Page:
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# Continued Fraction Calculator

Automated calculation of continued fractions for (simple) expressions or decimal numbers.

## Brief Explanation

A continued fraction is a kind of fraction that is not reduced. Now, normally you are taught to reduce fractions to their simplest forms. But you can go the other way, and expand them, and what comes out can show you something about the number. Continued fractions (CFs for short) are useful in finding rational approximations to irrational numbers.

It is that very aspect of CFs that sheds light on the golden ratio φ.

## Try It Yourself

To find the CF for a value or expression, just type it into the text field with the blue border and hit the tab or return key. A decimal number like “1.5” will work, as will a fraction like “3/7”. Or use one of the buttons below to see some interesting CFs.

For advanced users: note that unless you have just one expression, like “exp(3)”, you must use JavaScript notation. For example, “Math.exp(3) + Math.cos(5)”. If there is only one expression, the “Math.” is automatically prepended.
Expression for xDecimal expansion of x
=

Continued fraction for x in short form

Continued fraction in long form

### Interesting values to try

• x = As a decimal it repeats, but the continued fraction stops.
• x = Everyone’s favorite constant. Or should it be ?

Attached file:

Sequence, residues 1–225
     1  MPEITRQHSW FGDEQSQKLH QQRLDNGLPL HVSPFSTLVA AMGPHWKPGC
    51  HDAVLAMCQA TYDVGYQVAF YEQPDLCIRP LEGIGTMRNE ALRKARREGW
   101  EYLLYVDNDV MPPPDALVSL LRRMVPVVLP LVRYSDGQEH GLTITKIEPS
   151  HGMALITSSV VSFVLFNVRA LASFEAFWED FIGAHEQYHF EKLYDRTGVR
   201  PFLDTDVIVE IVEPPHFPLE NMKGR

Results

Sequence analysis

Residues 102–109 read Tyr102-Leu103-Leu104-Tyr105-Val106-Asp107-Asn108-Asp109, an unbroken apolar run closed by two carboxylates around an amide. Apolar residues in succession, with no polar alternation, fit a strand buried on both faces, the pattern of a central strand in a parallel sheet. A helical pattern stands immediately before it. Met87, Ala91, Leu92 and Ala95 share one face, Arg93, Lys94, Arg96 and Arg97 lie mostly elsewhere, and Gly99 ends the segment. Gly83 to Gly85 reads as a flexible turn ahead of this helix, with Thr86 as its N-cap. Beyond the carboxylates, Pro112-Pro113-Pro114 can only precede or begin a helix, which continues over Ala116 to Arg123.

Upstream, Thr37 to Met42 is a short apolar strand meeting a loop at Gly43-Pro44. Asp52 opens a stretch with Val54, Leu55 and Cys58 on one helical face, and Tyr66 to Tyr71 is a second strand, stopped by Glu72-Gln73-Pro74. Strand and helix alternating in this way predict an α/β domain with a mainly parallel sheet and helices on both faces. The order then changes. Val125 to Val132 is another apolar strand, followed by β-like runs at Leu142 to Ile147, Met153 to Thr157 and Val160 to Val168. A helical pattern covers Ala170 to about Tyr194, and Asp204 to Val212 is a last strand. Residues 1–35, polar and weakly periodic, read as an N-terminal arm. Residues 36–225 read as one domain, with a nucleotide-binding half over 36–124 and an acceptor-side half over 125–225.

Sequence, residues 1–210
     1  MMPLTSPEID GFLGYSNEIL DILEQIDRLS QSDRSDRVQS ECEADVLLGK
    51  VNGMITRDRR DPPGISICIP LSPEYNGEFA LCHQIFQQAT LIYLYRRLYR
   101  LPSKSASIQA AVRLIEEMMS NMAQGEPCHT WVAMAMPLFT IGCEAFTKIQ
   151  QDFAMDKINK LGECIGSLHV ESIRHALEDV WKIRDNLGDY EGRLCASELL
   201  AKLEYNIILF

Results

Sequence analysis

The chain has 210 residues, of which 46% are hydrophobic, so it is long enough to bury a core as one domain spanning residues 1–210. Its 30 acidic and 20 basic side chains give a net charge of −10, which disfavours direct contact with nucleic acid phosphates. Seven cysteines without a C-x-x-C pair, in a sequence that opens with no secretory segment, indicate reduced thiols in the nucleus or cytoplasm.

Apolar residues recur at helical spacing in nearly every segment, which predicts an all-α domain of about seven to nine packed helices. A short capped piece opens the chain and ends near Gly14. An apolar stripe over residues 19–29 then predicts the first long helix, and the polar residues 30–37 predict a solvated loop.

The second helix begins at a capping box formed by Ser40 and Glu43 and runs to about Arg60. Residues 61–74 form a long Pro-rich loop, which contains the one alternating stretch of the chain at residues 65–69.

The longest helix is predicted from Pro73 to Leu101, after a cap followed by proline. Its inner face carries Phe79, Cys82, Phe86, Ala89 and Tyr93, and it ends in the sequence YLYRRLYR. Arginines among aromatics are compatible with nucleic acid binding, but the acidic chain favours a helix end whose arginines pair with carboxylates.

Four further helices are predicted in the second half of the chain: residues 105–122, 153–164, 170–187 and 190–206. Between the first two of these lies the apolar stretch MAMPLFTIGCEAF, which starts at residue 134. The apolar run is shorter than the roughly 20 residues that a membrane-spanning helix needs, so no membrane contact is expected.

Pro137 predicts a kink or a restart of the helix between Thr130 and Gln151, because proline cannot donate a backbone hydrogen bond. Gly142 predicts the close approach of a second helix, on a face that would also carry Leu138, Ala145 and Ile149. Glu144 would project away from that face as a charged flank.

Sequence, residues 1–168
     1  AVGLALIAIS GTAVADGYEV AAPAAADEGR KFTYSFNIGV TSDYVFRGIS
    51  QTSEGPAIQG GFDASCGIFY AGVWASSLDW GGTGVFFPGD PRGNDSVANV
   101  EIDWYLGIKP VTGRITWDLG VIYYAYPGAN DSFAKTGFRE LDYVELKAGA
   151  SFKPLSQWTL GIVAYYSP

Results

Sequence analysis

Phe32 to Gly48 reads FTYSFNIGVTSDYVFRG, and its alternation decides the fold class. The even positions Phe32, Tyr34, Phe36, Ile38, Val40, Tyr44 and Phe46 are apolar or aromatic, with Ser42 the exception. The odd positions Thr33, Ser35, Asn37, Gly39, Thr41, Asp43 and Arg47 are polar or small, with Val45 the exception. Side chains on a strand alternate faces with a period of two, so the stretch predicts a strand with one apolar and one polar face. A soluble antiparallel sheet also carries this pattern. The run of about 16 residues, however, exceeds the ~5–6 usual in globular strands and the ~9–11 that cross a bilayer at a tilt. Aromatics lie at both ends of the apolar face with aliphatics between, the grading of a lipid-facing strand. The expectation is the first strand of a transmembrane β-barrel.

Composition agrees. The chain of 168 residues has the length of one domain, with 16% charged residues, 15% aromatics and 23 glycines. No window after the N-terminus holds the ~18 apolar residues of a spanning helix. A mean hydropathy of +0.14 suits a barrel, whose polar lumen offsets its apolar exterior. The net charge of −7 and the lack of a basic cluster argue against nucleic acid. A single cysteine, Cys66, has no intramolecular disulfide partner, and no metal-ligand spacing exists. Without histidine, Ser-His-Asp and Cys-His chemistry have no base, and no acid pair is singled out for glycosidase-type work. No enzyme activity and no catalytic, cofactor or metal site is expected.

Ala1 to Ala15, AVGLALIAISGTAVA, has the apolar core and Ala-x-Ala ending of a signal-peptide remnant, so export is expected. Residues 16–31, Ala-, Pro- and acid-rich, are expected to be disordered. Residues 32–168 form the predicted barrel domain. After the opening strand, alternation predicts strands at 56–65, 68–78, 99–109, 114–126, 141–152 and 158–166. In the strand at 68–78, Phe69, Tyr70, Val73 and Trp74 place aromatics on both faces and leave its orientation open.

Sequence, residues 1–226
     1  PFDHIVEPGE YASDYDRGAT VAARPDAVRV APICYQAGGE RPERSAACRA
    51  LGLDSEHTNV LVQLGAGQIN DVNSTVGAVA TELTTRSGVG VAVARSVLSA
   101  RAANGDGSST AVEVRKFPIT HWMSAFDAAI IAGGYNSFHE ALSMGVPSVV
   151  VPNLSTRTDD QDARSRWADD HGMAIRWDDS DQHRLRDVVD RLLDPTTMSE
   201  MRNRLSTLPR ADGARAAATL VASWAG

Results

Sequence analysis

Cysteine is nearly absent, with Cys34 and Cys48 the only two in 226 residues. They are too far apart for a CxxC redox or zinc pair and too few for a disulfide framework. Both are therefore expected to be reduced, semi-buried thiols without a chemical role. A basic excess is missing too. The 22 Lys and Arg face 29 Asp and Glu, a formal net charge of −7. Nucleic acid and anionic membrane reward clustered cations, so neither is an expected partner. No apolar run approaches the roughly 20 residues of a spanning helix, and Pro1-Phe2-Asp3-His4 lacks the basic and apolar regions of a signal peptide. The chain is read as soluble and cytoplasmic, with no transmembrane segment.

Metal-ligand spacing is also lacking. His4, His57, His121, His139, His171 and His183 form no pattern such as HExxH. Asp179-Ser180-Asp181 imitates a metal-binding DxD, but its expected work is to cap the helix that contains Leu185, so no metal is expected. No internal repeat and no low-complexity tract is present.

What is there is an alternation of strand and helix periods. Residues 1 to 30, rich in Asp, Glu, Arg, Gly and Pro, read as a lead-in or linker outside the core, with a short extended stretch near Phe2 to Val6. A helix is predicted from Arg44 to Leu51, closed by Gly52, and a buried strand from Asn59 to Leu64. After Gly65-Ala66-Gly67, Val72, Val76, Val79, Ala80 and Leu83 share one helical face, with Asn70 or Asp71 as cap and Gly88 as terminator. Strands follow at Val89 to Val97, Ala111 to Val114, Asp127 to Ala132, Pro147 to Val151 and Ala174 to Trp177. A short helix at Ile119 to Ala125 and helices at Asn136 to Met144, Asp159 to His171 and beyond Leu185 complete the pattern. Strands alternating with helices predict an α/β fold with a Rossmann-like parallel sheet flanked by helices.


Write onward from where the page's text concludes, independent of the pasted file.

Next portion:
• x = Base of the natural logarithm. As a decimal, it does not repeat, but the continued fraction has a clear pattern!
• x = Another irrational number with a pattern.
• x = How does this differ from the previous example?
• x = This is our key example: Phi, the golden ratio.
• x = The Feigenbaum constant.
• x = An obscure one, ii. Convince yourself that it is the same as e-π/2.

## Remarks

It may look mysterious, but finding a CF is quite simple. Take the familiar example of π. Rewrite it as

π = 3 + .14159…

Now, find the reciprocal of the fractional part, that is, 1/.14159… = 7.0625… (Note that the reciprocal is guaranteed to be greater than 1, so there will always be an integer part to pluck, like a red cherry.)

So now we have

π = 3 + 1/7.0625…

Now, repeat the procedure with the 7.0625… part:

π = 3 + 1/(7 + .0625…)

and find the reciprocal of the fractional part, that is 1/.0625… = 15.996…, so:

π = 3 + 1/(7 + 1/15.996…)

Repeating this process gives the CF.

If a number is rational, then the CF is finite. But, as the above example of 3/7 shows, even though the CF is finite, the decimal is not. So in some ways, the CF is more convenient than the repeating, non-terminating decimal.

If a number is irrational, then both its decimal and its CF are infinitely long. But although there will (usually ) be no pattern in the decimal, there may be a pattern in the CF. The examples of e and φ show this clearly. If there is a good explanation of the pattern for e, I have never seen it.

Interestingly, if we relax the canonical-form constraint that all the numerators must be 1, there is another very patterned continued fraction for e, discovered by Euler:

Surely there is an intuitive derivation of e that uses this CF to improve on the “compound interest” rationale. Which never seemed that intuitive to me.

The next page will discuss what we can learn about φ from its particularly simple CF.

The term “pattern” is of course very general. For example, the number 1.01001000100001… is irrational but has a distinct pattern. (Hence we are justified in using the ellipsis … to imply that you get the pattern.) But there is no single block of digits that repeats.

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